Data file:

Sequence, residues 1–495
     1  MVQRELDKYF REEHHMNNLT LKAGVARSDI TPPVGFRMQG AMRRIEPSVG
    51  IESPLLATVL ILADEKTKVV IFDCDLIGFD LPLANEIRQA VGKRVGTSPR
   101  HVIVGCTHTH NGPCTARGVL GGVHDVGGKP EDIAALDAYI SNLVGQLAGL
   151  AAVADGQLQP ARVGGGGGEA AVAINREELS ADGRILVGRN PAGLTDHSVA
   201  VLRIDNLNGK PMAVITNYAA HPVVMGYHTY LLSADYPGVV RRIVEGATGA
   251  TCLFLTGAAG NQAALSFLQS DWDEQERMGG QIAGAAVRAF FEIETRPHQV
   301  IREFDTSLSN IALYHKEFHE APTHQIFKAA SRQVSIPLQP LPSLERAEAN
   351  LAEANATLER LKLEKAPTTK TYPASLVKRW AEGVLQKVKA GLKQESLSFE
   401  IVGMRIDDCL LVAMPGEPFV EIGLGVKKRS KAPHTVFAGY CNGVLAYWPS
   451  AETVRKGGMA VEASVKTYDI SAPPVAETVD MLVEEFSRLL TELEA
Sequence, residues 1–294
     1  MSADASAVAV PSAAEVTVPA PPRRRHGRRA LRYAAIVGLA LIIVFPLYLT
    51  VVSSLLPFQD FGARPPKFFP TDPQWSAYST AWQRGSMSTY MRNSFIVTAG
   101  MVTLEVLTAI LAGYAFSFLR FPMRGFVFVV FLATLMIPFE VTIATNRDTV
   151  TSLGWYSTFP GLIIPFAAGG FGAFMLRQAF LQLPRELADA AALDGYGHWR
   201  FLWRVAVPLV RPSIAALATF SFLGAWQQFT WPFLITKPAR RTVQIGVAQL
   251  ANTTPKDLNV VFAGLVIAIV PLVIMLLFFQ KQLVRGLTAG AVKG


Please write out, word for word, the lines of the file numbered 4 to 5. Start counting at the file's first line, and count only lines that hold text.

   101  HVIVGCTHTH NGPCTARGVL GGVHDVGGKP EDIAALDAYI SNLVGQLAGL
   151  AAVADGQLQP ARVGGGGGEA AVAINREELS ADGRILVGRN PAGLTDHSVA